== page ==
August 2, 2013 |
The New York-based owner of the Engine 46 firehouse in South Philadelphia said Wednesday that he would consider sparing the 19th-century landmark from demolition if a tenant can be found, according to City Councilman Mark Squilla. The offer came from Bruce Schanzer of Cedar Realty Trust during a meeting with Squilla and James E. Moylan, president of the Pennsport Civic Association. Along with city preservationists, the men have been working since June to save the gabled redbrick structure next to I-95 on Reed Street.
July 26, 2013 |
Volunteer firefighters in Burlington County who lost their century-old headquarters five years ago are regaining a different piece of the past. The 1941 Ford truck that Franklin Fire Co. No. 1 sold in the 1970s and brought back home to Mansfield Township last year - after buying it on eBay - is being restored. The venerable apparatus will be used in parades and for educating kids about fire safety. "We were surprised it was still around," company president Doug Burgstrom says.
July 17, 2013 |
Alarmed by a demolition notice posted on a distinctive 19th- century firehouse in South Philadelphia, City Councilman Mark Squilla and Pennsport Civic Association representatives have arranged to meet with the owner in the hope of saving the building. Very little is known about the company's plans for the quirky, gabled Engine 46 building on Reed Street, wedged between I-95 and the Riverview Plaza movie theater complex. Cedar Realty Trust, the developer that owns both the firehouse and theater complex, has refused to respond to inquiries from city officials or reporters.
July 14, 2013 |
THAT WASN'T so hard, now was it? Cedar-Riverview LP, which owns South Philly's endangered Engine 46 firehouse, agreed yesterday to discuss the building's fate with local officials after the Daily News reported that residents and politicians were fed up with being left in the dark by the New York-based company. A demolition notice was tacked onto the vacant firehouse, at Reed and Water streets, earlier this week, indicating the 119-year-old property would be torn down on or after July 30. City Councilman Mark Squilla said he finally received a phone call from Bruce Schanzer, the president of Cedar Realty Trust, Cedar-Riverview's parent company.
July 12, 2013 |
THE MYSTERY over the fate of South Philly's empty Engine 46 firehouse has finally been solved. Well, kinda-sorta. Pennsport Civic Association president Jim Moylan snapped a photo earlier this week of a demolition notice that had been tacked onto the 119-year-old building, at Reed and Water streets, in the shadow of the I-95 overpass. The notice indicates that the firehouse will be torn down on or after July 30. But trying to find out why the beloved red-brick building will be reduced to rubble - or what sort of development will take its place - continues to be a maddening task for Moylan, nearby residents, preservationists and even City Councilman Mark Squilla.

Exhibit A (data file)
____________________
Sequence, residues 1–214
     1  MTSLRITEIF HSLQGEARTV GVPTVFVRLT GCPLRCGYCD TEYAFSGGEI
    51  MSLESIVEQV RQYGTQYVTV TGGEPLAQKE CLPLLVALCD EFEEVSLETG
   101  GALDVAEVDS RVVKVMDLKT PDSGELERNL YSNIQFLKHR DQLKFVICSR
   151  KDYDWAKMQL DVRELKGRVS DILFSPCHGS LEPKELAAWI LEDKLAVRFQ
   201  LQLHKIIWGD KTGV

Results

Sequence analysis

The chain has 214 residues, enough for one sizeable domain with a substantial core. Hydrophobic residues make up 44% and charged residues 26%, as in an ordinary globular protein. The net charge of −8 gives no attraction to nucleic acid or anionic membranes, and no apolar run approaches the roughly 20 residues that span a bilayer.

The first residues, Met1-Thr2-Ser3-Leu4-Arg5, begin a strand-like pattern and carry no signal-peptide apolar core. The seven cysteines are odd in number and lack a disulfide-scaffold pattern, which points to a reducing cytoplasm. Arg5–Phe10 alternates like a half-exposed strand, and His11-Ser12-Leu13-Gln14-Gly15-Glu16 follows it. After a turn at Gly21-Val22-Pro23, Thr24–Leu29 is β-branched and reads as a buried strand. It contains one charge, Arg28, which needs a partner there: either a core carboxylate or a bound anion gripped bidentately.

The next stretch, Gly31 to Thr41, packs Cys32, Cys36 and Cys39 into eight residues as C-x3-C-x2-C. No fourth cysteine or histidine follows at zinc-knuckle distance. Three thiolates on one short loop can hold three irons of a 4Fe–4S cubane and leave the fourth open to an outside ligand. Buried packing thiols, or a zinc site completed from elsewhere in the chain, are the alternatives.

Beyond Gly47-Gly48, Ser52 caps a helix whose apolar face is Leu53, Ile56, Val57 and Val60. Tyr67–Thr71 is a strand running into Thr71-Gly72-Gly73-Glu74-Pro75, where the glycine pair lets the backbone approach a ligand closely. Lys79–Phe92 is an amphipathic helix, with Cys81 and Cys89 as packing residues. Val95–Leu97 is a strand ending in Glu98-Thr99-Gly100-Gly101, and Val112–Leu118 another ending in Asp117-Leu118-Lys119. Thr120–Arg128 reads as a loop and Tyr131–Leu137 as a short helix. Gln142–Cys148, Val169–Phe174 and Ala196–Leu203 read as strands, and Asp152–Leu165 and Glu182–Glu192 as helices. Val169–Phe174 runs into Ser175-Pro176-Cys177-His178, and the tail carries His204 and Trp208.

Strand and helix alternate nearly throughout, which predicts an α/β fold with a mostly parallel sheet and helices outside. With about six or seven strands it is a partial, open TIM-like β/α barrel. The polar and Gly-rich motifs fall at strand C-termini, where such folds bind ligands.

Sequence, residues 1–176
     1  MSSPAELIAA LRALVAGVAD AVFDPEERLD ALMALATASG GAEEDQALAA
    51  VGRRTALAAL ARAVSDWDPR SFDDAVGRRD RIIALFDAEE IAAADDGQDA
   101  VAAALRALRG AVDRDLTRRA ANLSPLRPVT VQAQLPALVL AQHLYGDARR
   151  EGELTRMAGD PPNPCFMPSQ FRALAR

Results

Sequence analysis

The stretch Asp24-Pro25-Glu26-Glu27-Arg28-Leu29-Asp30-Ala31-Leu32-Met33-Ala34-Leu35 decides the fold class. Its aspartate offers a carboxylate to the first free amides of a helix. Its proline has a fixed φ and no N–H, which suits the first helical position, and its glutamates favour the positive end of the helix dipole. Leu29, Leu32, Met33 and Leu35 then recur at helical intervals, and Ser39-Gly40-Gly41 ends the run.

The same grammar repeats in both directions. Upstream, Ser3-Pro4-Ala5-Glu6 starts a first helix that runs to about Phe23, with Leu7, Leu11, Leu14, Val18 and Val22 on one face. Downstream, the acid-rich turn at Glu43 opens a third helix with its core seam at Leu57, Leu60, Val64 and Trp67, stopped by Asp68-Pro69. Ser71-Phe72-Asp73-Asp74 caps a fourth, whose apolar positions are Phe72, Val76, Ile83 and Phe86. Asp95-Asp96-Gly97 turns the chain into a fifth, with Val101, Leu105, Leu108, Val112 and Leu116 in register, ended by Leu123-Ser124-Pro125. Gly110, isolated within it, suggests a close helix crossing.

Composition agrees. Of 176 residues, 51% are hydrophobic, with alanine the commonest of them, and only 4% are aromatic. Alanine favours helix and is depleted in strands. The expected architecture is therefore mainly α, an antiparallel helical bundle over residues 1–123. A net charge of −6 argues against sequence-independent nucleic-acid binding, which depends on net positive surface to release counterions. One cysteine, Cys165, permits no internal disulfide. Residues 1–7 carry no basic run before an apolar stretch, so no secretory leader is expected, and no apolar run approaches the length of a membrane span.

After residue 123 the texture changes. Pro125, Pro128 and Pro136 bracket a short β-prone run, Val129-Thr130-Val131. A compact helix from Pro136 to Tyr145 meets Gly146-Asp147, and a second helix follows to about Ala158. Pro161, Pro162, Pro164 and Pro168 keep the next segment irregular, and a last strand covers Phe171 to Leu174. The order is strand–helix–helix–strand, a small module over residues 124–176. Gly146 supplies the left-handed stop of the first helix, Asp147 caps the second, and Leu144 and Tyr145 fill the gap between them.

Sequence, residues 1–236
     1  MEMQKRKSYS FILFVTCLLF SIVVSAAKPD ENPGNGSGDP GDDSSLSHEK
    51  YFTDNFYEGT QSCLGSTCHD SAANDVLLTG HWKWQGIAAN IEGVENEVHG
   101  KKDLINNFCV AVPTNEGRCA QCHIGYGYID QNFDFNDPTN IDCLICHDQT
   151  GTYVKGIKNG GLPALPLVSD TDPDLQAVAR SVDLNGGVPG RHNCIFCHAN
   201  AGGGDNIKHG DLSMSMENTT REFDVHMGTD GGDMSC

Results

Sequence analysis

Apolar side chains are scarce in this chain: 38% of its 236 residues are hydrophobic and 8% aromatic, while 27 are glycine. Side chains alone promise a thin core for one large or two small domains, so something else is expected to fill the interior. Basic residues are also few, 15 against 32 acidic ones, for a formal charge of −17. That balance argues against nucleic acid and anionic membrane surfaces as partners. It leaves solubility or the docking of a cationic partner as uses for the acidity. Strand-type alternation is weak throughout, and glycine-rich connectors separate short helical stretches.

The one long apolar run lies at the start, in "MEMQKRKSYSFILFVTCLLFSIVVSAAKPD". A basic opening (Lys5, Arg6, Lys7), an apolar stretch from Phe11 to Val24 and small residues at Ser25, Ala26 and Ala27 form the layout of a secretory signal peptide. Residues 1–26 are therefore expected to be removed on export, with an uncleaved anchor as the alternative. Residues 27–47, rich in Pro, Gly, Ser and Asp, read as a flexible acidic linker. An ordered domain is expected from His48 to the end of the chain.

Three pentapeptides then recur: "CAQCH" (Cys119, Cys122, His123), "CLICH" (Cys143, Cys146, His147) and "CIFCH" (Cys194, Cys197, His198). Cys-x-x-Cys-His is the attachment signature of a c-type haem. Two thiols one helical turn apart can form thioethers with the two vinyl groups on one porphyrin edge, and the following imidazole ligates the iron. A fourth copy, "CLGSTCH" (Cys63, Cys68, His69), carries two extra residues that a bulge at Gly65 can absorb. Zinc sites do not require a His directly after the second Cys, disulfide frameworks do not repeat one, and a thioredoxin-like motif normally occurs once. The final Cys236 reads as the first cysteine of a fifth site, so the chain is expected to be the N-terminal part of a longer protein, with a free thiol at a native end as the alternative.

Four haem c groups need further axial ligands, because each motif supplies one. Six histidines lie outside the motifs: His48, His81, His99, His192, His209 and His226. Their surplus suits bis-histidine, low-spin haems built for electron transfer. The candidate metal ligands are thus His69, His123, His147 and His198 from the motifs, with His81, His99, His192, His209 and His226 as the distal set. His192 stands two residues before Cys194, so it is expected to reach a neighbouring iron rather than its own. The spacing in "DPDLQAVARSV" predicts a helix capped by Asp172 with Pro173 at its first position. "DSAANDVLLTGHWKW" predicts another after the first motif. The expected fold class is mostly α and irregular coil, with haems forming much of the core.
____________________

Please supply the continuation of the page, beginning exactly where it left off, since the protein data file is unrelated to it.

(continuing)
July 8, 2013 |
DOES ENGINE 46, the empty, eye-catching firehouse that lords over a chunk of South Philly, have a date with a wrecking ball? That's been the buzz around Pennsport since reports first surfaced in the spring that a demolition permit had been tacked to a window of the 119-year-old building, which sits at Reed and Water streets. The news website PlanPhilly reported last month that Cedar Realty Trust, the New York-based company that owns the firehouse and the nearby Riverview movie theater, had indeed filed for a demolition permit in January and February.
June 19, 2013 |
Engine 46, a distinctive and familiar 19th-century firehouse that survived the construction of I-95 through South Philadelphia's Pennsport neighborhood and the subsequent deindustrialization of the Delaware waterfront, is now in danger of demolition by a New York real estate developer. Members of the Pennsport Civic Association say they learned last week that the company, Cedar-Riverview, had just renewed an existing demolition permit for the old firehouse on Reed Street, along with an adjacent one-story commercial building on Columbus Boulevard.
June 17, 2013 |
For the first time that night, it was quiet on the pile. The rescue dog wasn't barking. The excavator digging up debris from the building collapse at the Salvation Army thrift shop was turned off. Firefighters from the elite Rescue 1 unit, drained from eight hours of pulling bodies from the rubble, were off to the side, awaiting their replacements and drinking water. Amid the mess and ruin, Capt. John O'Neill, 50, a search-and-rescue specialist from Squad 72, stood by himself.
May 27, 2013 |
WILDWOOD, N.J. - Seven months ago, Gov. Christie, clad in the navy blue fleece that would soon become a wardrobe staple, told a group of residents at a firehouse in North Wildwood to get out of town - fast. Hurricane Sandy was bearing down on the Jersey Shore, and, in typical blunt fashion, Christie told the small crowd gathered at the firehouse to, essentially, prepare for the worst. Two days later, Sandy slammed into the coast, making landfall near Brigantine and leaving destruction up and down the barrier islands.
April 20, 2013 |
For the second time, Time magazine named the gov to its list of the 100 most influential people in the world. (For the second time, I did not make the list.) The twist this year, though, was that Time enlisted a fourth grader from the down the Shore to write the accompanying article about Christie. The girl, Ginjer Doherty, has become something of a symbol of the pain and rebirth from Hurricane Sandy ever since Christie consoled her Nov. 5 in front of the Port Monmouth firehouse.